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Make Bedtime Easier With Meditation for Kids

by BetterSleep
Nov 5 • 6 min read
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There’s a lot of research about the many benefits of meditation and breath exercises for adults, including better sleep. And now, emerging research shows it might help kids do the same.

If a child has challenges with relaxing at night, getting sleepy, or even with fears of the dark— meditation for kids might help with falling asleep and improving sleep quality. It’s an easy, free way to help kids with relaxation and sleep, even if calming their energy at night is initially challenging.

Let’s take a look at what the science has to say about guided meditation helping kids to sleep and why we should encourage kids to begin this practice.

Why Meditation Could Help Kids Sleep Better and Faster

Like their parents, kids often have stress. They’re no different than adults in that stress directly affects their ability to relax and go to sleep for better rest. Therefore, one of the primary ways meditation is shown to be beneficial for children is by alleviating external stressors.

Bedtime Meditation Reduces Stress and Anxiety

A study using mindfulness-based techniques, including meditation, showed positive outcomes in children and families dealing with stress. In another study, a yoga-based wellness program geared towards kids in inner-city schools reduced anxiety, depression, and distress.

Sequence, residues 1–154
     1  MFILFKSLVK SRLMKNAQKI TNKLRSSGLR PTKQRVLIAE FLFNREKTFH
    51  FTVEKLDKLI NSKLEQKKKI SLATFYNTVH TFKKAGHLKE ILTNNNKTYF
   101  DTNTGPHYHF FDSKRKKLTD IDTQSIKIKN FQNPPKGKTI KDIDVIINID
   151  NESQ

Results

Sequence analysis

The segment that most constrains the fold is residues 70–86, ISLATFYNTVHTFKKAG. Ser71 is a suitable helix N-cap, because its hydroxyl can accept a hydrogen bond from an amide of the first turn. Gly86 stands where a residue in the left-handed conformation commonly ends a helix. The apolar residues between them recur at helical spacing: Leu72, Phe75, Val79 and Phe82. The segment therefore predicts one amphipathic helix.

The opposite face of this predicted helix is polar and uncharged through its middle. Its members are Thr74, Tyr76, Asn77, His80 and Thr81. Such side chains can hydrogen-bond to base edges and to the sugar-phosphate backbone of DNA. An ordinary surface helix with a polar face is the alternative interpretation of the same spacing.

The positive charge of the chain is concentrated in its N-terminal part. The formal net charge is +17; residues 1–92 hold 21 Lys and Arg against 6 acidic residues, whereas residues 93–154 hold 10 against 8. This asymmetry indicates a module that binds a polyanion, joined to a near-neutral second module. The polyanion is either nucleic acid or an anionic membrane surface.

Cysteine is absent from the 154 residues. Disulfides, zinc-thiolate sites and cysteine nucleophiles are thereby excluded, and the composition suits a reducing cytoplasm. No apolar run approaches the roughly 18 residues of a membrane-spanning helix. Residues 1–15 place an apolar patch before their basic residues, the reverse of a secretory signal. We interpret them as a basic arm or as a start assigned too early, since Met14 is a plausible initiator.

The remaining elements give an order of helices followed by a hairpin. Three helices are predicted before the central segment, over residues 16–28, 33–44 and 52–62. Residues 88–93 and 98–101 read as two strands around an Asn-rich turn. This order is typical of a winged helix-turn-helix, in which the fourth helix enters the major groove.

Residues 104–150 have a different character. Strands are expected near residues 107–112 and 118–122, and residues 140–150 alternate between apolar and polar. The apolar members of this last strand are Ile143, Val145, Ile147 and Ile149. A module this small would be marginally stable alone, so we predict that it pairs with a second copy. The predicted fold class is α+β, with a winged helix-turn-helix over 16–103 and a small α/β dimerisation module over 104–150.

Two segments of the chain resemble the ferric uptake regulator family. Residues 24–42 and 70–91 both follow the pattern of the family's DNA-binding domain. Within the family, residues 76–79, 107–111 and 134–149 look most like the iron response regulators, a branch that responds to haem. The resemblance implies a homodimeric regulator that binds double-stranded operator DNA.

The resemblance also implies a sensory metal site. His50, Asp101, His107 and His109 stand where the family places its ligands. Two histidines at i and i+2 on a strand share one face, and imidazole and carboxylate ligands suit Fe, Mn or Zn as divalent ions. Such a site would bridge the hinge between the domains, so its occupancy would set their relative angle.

On the surface, it may seem that these benefits come from already growing up with pretty tough challenges that the average child can’t relate to. However, that’s not necessarily the case. There’s new research that meditations benefit the overall mental health of children.

Meditation Improves Behavior Challenges

One study that used mindfulness-based cognitive therapy with kids between ages 9 and 13 showed significant reductions in attention problems, behavior challenges, and anxiety.

Another study in a school demonstrated that a yoga program that included breathing exercises and relaxation techniques reduced depression, anxiety, and fatigue in adolescents compared to physical education (PE) class alone.

Meditation practice can help calm your child for sleep, but it also improves their focus throughout the day. The spillover into their daily lives will help them do better at school and in relationships.

Sleep Meditation Helps Children Relax at Bedtime

Indeed, reducing stressors like depression and anxiety can positively impact a child’s ability to fall asleep. However, one study on a mindfulness-based program for elementary school children discovered not only many social and mental benefits but an additional physical benefit— reduced levels of the stress hormone cortisol. And lower cortisol levels produced by the stress response can help promote more natural sleep.

At What Age Should Kids Start Meditating?

Every child is different but even as young as three years old, a toddler can begin basic relaxation and breathing exercises.

You know your child best and when they might be ready to sit quietly for a few minutes at a time. Mindfulness isn’t just for adults. You might be surprised at how prepared a child is to focus on the present, on their feelings, and on their breath.

How to Get Kids to Meditate Before Bed